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  Arabia in Ancient History  
Archaeological excavations show existence of human habitation in Arabia during the earliest period of Stone Age. These earliest remains pertain to Chellean period of palaeolithic epoch. The people of Arabia mentioned in the Old Testament throw light on the relations between the Arabs and ancient Hebrews between 750 to 200 B.C.

Similarly, Talmud also refers to the Arabs. Josephus (37-100 B.C.) gives some valuable historical and geographical details about the Arabs and Nabataeans. (73)There are many more Greek and Latin writings of pre-Islamic era, enumerating the tribes living in the Peninsula and giving their geographical locations and historical details, which, notwithstanding the mistakes and inconsistencies in them, are inestimable sources of information about ancient Arabia.

Alexandria was also one of those important commercial centers of antiquity which had taken a keen interest in collecting data about Arabia, its people and the commodities produced in that country for commercial purposes.

The classical writers first to mention the Arabians in the Greek literature were Aeschylus (525-465 B. C.) and Herodotus (484-425 B. C.). Several other writers of the classical period have left an account of Arabia and its inhabitants, of these, Claudius Ptolemaeus of Alexandria was an eminent geographer of the second century, whose Almagest occupied an important place in the curriculum of Arabic schools.

Christian sources also contain considerable details about Arabia during the pre-Islamic and early Islamic era although these were primarily written to describe Christianity and its missionary activities in that country.

The numerous references made to the 'Ereb'(74) in the Old Testament are synonymous with the nomadic tribes of Arabia since the word means desert in Semitic and the characteristics of the people described therein apply to the Bedouins. Similarly, the Arabs mentioned in the writings of the Greeks and Romans as well as in the New Testament were Bedouins who used to make plundering raids on the frontier towns of Roman and Byzantine empires, despoiled the caravans and imposed extortionate charges on the traders and wayfarers passing through their territories.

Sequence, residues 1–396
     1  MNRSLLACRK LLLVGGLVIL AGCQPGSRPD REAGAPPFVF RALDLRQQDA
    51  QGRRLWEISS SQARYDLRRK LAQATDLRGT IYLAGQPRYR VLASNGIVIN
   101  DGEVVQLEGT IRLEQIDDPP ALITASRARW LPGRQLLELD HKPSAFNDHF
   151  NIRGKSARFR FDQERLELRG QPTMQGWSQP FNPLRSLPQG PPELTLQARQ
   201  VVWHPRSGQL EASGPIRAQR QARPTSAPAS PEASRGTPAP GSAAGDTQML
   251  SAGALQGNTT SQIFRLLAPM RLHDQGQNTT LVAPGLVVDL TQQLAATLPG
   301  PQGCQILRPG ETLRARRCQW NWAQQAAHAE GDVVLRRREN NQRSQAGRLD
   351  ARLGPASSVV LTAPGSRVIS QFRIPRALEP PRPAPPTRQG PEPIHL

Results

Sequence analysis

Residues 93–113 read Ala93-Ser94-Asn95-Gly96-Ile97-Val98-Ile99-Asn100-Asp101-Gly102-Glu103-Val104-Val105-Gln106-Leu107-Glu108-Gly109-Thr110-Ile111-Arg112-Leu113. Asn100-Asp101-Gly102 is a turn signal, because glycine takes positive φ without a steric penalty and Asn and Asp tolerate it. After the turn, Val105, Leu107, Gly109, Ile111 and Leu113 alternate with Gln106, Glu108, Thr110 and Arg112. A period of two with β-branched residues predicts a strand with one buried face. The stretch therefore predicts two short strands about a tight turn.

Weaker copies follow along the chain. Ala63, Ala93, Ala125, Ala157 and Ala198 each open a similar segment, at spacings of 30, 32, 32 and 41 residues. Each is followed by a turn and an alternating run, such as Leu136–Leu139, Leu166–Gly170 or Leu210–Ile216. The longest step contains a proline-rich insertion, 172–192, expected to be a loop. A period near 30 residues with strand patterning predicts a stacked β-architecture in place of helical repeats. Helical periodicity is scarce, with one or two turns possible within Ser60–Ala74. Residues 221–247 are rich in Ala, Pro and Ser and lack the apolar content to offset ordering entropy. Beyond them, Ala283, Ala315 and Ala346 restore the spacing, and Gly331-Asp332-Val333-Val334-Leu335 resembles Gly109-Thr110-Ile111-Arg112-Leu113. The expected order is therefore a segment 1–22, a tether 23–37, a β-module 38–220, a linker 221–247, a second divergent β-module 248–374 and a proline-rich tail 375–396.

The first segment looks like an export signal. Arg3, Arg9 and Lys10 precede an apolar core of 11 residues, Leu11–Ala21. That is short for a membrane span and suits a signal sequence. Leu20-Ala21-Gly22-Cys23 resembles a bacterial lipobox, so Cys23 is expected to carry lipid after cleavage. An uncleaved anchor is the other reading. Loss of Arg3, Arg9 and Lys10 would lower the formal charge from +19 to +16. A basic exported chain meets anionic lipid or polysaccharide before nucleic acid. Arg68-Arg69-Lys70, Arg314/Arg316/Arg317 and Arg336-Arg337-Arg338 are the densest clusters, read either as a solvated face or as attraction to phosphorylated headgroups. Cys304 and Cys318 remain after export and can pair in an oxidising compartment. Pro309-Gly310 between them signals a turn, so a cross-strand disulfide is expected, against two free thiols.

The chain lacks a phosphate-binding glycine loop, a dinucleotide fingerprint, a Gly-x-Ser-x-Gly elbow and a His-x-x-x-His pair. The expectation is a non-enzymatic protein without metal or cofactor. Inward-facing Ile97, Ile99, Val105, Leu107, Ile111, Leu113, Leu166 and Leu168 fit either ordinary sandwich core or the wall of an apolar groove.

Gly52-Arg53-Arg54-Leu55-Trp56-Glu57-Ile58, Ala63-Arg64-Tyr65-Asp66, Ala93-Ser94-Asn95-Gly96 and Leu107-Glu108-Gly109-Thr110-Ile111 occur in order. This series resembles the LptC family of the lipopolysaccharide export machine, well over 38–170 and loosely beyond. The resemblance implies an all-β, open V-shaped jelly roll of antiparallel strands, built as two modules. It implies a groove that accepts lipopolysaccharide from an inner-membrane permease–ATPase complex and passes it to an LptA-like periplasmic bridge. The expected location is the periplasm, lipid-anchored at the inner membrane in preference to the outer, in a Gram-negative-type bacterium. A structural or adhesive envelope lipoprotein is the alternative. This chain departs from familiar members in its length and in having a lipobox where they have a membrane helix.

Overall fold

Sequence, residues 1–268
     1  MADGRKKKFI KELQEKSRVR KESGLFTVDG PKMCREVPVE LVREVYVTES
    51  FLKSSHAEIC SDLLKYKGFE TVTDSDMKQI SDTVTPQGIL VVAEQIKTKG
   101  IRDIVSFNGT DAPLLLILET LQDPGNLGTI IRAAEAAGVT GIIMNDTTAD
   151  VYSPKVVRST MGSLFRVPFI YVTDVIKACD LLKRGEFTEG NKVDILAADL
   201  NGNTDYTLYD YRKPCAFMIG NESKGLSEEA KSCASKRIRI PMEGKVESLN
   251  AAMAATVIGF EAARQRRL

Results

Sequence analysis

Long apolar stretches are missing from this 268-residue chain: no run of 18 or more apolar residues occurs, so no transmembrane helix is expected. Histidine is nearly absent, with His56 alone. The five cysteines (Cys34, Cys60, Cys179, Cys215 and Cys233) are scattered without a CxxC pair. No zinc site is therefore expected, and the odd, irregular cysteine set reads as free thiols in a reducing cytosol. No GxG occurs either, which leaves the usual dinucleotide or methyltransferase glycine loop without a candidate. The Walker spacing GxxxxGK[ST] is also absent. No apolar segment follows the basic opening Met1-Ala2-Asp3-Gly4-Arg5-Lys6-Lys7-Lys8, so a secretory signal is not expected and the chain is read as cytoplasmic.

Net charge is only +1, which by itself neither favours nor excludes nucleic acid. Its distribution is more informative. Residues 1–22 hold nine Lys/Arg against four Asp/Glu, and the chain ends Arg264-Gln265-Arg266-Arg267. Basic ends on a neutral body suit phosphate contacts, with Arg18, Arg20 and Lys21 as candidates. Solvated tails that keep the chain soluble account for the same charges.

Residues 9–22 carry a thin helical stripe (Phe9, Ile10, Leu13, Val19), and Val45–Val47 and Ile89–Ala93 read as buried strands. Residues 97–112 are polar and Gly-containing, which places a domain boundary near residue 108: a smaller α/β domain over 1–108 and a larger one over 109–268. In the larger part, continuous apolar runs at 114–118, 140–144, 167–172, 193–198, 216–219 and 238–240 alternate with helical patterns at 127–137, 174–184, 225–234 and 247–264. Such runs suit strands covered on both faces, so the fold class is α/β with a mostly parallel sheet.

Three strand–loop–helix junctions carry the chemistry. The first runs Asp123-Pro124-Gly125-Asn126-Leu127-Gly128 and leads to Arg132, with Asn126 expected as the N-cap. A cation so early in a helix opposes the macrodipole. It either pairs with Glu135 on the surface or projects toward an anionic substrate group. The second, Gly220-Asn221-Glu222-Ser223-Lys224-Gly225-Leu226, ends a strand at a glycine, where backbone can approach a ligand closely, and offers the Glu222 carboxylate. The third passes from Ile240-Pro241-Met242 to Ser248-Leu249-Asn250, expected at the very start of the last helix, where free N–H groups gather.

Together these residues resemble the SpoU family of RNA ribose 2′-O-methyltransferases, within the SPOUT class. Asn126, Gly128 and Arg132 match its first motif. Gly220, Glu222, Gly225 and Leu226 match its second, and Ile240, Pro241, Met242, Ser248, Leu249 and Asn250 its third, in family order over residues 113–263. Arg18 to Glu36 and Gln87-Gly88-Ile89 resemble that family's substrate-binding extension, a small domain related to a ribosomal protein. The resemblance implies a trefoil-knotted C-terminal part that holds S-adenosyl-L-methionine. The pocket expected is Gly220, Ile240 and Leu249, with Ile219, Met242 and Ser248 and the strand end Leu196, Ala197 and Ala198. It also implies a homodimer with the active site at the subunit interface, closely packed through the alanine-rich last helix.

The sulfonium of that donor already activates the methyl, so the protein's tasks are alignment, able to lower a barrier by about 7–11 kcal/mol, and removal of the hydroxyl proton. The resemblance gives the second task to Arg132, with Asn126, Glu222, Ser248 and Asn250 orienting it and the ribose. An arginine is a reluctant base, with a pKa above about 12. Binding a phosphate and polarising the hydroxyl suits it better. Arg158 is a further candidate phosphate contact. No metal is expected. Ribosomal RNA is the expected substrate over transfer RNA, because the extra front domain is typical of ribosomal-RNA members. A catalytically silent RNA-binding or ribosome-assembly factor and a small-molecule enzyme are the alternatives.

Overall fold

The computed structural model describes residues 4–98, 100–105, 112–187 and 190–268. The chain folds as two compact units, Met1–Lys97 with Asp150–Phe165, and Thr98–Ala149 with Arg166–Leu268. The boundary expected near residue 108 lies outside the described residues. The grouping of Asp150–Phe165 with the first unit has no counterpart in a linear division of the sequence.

Diodorus Siculus, a classical writer of Sicily in the second half of the first century B.C., affirms that the Arabians are "Self reliant and independence-loving, like to live in the open desert and highly prize and value their liberty."(75) The Greek historian Herodotus (484-425 B. C.) also makes a similar remark about them. "They revolt against every power," he says, "which seeks to control their freedom or demean them."(76) The passionate attachment of the Arabs to their personal freedom had been admired by almost all the Greek and Latin writers.

The acquaintance of the Arabs with the Indians and their commercial and cultural relations which India began in the days much before the advent of Islam and their conquest of India. Modern researches on the subject show that of all the Asiatic countries, India was closest to, Arabia and well-acquainted with it.(77)
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